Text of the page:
- The Washington Times - Sunday, December 3, 2006

Virginia Episcopal Bishop Peter J. Lee is threatening to sue conservative Episcopal churches that soon will vote on whether to leave his diocese, saying individual members of each congregation’s governing board will be liable.

In a four-page letter released late Friday, the bishop of the country’s largest diocese, with 90,000 members, sent a letter to parishes conducting a 40-day period of discernment on whether to leave the Episcopal Church.

Thousands of Episcopalians already have left the 2.2 million-member denomination over arguments about biblical authority and the 2003 consecration of New Hampshire Bishop V. Gene Robinson, an active homosexual.

“I believe your successors in the future will regret that decision and its destructive consequences to the whole church,” the bishop wrote of congregations threatening to leave the diocese. Any congregation attempting to leave without a negotiated settlement with the diocese “will have repercussions and possible civil liability for individual vestry members.”

The letter was aimed at a handful of Northern Virginia congregations sitting on millions of dollars’ worth of real estate. The members of those congregations will vote starting Dec. 10 on whether to leave the church. Leaders of two of them — Truro Episcopal Church in Fairfax and the Falls Church Episcopal in Falls Church — met for about five hours yesterday in an emergency session.

Bishop Lee’s decision to play hardball with dissenting churches didn’t shock Bishop Martyn Minns, rector of Truro, whose governing board voted unanimously Nov. 11 to leave the denomination.

“I’m disappointed, but not surprised,” Bishop Minns said yesterday. “This is bizarre because we are following a protocol we worked on with him and his leadership for over a year.”

The “Protocol for Departing Congregations,” posted on the diocese’s Web site (www.thediocese.net), lists several steps a congregation must take, including a stipulation that at least 70 percent of the members agree to leave.

If they do, the diocese and parish must negotiate a sum for the church’s property and assets. Truro’s assets, including its property in downtown Fairfax, has been estimated at $10 million. The Falls Church’s property and assets, which include two sanctuaries and a Colonial cemetery, has been estimated to be worth $17 million to $27 million.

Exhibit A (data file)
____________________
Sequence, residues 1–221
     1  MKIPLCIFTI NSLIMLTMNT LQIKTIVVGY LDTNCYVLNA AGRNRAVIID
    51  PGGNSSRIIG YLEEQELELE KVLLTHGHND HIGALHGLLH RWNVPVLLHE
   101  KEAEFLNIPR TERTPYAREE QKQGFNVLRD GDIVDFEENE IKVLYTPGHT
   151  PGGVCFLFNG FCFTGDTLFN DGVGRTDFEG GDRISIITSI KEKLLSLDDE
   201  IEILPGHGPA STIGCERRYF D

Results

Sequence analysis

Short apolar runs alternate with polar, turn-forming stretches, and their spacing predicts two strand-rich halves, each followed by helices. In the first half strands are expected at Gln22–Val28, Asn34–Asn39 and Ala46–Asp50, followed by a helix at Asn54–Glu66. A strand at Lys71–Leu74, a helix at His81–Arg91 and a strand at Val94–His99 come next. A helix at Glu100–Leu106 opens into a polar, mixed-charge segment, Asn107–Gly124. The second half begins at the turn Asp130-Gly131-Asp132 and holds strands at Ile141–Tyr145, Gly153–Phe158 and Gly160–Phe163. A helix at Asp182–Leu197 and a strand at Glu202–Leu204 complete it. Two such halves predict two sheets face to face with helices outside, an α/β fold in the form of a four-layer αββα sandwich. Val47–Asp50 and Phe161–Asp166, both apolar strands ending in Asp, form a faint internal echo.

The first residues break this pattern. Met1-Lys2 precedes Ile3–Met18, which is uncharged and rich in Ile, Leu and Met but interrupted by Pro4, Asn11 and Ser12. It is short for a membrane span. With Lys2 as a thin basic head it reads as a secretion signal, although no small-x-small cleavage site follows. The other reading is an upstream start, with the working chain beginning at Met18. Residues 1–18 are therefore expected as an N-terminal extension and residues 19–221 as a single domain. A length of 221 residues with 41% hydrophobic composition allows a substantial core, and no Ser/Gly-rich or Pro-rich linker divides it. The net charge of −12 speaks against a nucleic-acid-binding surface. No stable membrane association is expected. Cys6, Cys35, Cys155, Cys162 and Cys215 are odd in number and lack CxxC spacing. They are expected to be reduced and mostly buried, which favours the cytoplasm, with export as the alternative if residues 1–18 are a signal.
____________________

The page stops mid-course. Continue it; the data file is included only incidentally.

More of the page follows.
However, Bishop Lee added a new provision in his letter — that the 40-member executive board of Episcopal Church headquarters in New York could intervene to prevent a church from leaving with its property.

He also reminded conservatives that he has the power to relegate dissenting parishes to mission status, to declare their property “abandoned” and to take custody of it. Episcopal canon law mandates that departing parishes leave their property to the diocese, and with very few exceptions, U.S. courts have upheld it.

Bishop Minns, who expects that Truro will keep its property, said the matter will be discussed today at a parish meeting between morning services. A member of the diocese’s standing committee, which advises the bishop, also will speak.

“We are operating in line with Virginia law,” Bishop Minns said.

Packets containing the bishop’s letter and other documents will be given out during today’s services at the Falls Church Episcopal, whose governing board voted 15-2 on Nov. 13 to leave the diocese. Sentiment at the nearly 275-year-old church tilts toward leaving the denomination. Last Sunday, one of the classes listed in its bulletin was titled “Letting Go … of the Episcopal Church?”

The Rev. Robert Watkin, an assistant priest at the church, urged members to cast their ballots Dec. 10.

“It’ll be the most important vote you’ll ever cast — at least in church,” he said.

Elsewhere in the country, a majority of the clergy and lay delegates at the annual meeting of the Diocese of San Joaquin in Central California voted yesterday to identify themselves as members of the worldwide Anglican Communion rather than as a diocese of the Episcopal Church. They stopped short of splitting from the denomination, which would have touched off a huge legal battle over millions of dollars in real estate.

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